As a writer, I understand what it’s like to know your characters inside out. I could talk all day about my characters histories and moments in their lives that don’t ever make it to the books. This is exactly what has happened here. The Harry Potter series was Harry’s story and Dumbledore’s sexuality was never important – he had more important things to worry about, like shaping Harry into a strong wizard, capable of defeating Voldemort. Had he been outed, his relationship with Harry would have been looked at as inappropriate. He would have, to uneducated folk, turned from mentor to paedophile, which he absolutely isn’t.
How Gay is Dumbledore?
Instead of outing him, J.K. cleverly hid hints within the text throughout the books and with the knowledge of his sexuality, small moments gain a new meaning. Most notably he never mentions a Mrs. Dumbledore nor any female love-interest. He’s one of the most famous and greatest wizards of all time. He could have his pick of anyone but he choses not to.
He has a fascination with knitting magazines:
‘No, I was merely reading the Muggle magazines,’ said Dumbledore. ‘I do love knitting patterns. Well, Harry, we have trespassed upon Horace’s hospitality quite long enough; I think it is time for us to leave.’
Harry Potter and the Half-Blood Prince (Page 73)
His flamboyant language and dress sense (which is always extra, even for Wizards) reveals a classically camp air to his character.
When he looks into the Mirror of Erised (a mirror which shows your heart’s desire) he claims to see “thick woollen socks.” This is an undoubtedly evasive answer to hide the truth. As revealed in Fantastic Beasts 2, it has been confirmed that Dumbledore sees Grindelwald. However, in later years he sees the same as Harry. He sees his family alive and together again.
Throughout the final book (Harry Potter and the Deathly Hallows) we learned about Dumbledore’s past and discovered that there was so much more to him than we ever knew. The story of his “friendship” with Grindelwald is revealed through the Rita Skeeter expose, “The Life and Lies of Albus Dumbledore.”
Dumbledore and Grindelwald
The book within the book covers many things about Dumbledore’s tragic family life and his meeting with the future dark wizard who came to live in Godric’s Hollow with his great, aunt Bathilda Bagshot. Bathilda was the wizarding author of the History of Magic. Grindelwald had been expelled from Durmstrang, the Eastern European wizarding school, known for its links to the Dark Arts. He had been carrying out “twisted experiments,” that were too much even for Durmstrang. This in itself gives us a clear insight to what Gellert is capable of. Upon his move, he and Dumbledore became instant friends. They both saw brilliance in the other and shared common goals of finding the Deathly Hallows and creating a new world order in which wizards would rule over muggles. In one letter, Dumbledore stresses that wizarding dominance should be done “for the greater good.” It’s the final line of this letter that gives us all we need.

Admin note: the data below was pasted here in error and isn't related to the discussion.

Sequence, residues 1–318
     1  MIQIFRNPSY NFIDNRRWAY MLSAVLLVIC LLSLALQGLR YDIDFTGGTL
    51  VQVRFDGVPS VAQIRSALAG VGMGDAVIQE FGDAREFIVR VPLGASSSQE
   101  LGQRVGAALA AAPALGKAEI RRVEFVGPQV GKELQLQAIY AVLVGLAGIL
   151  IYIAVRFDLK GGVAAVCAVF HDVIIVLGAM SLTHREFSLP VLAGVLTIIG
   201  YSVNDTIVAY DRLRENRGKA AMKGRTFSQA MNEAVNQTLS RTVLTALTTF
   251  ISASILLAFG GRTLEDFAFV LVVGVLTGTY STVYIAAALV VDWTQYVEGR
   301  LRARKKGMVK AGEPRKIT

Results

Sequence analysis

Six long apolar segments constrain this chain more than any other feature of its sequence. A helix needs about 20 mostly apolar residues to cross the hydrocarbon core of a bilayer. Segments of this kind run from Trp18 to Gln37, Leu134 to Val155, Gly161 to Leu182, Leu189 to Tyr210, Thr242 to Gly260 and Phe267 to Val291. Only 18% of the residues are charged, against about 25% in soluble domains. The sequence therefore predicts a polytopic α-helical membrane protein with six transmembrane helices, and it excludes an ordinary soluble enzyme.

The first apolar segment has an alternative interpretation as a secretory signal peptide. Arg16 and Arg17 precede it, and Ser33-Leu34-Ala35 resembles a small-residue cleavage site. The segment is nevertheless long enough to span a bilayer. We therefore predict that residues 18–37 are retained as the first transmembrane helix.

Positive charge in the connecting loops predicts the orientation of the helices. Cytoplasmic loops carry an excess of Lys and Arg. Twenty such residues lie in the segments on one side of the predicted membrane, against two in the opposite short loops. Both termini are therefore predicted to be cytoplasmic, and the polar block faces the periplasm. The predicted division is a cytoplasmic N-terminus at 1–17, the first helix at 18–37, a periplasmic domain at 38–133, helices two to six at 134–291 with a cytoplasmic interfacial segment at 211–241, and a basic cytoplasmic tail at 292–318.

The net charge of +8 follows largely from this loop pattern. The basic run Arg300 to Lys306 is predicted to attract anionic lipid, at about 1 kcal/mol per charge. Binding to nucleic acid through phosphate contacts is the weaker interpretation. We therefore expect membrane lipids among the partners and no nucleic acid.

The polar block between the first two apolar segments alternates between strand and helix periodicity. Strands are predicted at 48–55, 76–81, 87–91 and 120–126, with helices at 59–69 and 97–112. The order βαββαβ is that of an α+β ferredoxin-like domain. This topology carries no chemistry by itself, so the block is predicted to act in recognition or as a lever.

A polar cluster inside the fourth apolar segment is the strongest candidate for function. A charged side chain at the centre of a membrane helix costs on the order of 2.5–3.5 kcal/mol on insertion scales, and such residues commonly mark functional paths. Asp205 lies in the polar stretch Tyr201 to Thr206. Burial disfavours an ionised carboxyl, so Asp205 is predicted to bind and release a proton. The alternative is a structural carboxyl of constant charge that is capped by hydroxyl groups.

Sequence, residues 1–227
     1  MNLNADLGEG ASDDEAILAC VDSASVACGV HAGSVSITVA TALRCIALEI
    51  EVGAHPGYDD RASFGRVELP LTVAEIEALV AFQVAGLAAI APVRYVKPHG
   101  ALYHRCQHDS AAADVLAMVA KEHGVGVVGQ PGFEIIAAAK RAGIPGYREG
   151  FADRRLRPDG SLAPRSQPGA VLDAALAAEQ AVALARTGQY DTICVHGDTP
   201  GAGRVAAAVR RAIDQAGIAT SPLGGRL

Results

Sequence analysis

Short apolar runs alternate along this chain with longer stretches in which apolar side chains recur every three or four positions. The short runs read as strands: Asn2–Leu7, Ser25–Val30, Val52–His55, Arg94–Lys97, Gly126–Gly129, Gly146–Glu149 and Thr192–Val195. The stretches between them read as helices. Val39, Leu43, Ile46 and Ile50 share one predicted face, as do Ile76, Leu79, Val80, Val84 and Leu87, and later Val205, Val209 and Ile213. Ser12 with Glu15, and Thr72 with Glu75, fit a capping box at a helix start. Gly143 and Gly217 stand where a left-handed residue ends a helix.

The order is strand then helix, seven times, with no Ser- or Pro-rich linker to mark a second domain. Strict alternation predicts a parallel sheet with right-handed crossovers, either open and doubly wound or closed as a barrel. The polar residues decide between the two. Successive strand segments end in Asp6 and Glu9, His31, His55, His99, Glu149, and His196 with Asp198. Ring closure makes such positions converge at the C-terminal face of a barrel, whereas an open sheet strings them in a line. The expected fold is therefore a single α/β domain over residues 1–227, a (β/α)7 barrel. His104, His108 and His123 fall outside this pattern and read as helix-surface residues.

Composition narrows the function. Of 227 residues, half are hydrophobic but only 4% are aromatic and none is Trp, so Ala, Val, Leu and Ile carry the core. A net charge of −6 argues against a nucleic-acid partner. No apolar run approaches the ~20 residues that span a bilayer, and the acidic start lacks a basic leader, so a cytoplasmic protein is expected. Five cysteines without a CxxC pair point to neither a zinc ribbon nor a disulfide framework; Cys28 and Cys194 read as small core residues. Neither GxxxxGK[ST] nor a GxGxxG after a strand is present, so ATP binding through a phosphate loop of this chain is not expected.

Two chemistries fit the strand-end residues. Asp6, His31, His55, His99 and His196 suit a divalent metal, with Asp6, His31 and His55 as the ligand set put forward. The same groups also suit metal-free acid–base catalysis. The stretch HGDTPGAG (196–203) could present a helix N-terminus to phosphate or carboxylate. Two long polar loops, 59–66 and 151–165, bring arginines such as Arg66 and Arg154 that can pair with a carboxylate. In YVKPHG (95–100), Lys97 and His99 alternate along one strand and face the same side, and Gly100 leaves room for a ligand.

“This was your mistake at Durmstrang! But I do not complain, because if you had not been expelled, we would never have met.”
This line could be innocent and is subtle to say the least but this is from a time period (1899) where their love would have been forbidden. Around this time, during the “Two months of insanity,”as Dumbledore calls them, the two make a blood pact which would prevent them ever fighting each other should they disagree on their grand plan to overthrow muggles and take charge.
Later on the boys agreed that they needed to leave Godric’s Hollow to put their plans into effect but Dumbledore clashed with his brother, Aberforth who wouldn’t let him leave. Dumbledore’s father was in Azkaban, his mother had been killed in a magical explosion caused by Ariana who was unable to control her magic powers and needed constant care. Aberforth turned on the young lovers who were determined to leave together to rule the world.
“Grindelwald didn’t like that at all. He got angry told me what a stupid little boy I was, trying to stand in the way of him and my brilliant brother…And there was an argument…and I pulled out my wand, and he pulled out his and I had the Cruciatus Curse used on me by my brother’s best friend – and Albus was trying to stop him, and then all three of us were duelling…and the flashing lights and the bangs set her off, she couldn’t stand it- and I think she wanted to help, but she didn’t really know what she was doing, and I don’t know which of us did it, it could have been any of us – and she was dead.”
Aberforth Dumbledore in Harry Potter and the Deathly Hallows (Page 457)
While Dumbledore and Grindelwald couldn’t fight each other because of the blood pact, it would appear that Dumbledore was caught in the middle. We can assume he tried to protect both parties but was still met with tragedy. From that moment on, Dumbledore’s relationship with Grindelwald turned sour.
“Albus (out of shame, or fear?) never saw him again, not until forced to do so by the pleas of the wizarding world. Neither Dumbledore nor Grindelwald ever seems to have referred to this brief boyhood friendship in later life. However, there can be no doubt that Dumbledore delayed, for some five years of turmoil, fatalities and disappearances, his attack upon Gellert Grindelwald. Was it lingering affection for the man or fear of exposure as his once best friend, that caused Dumbledore to hesitate?Was it only reluctantly that Dumbledore set out to capture the man he was so delighted he had met?”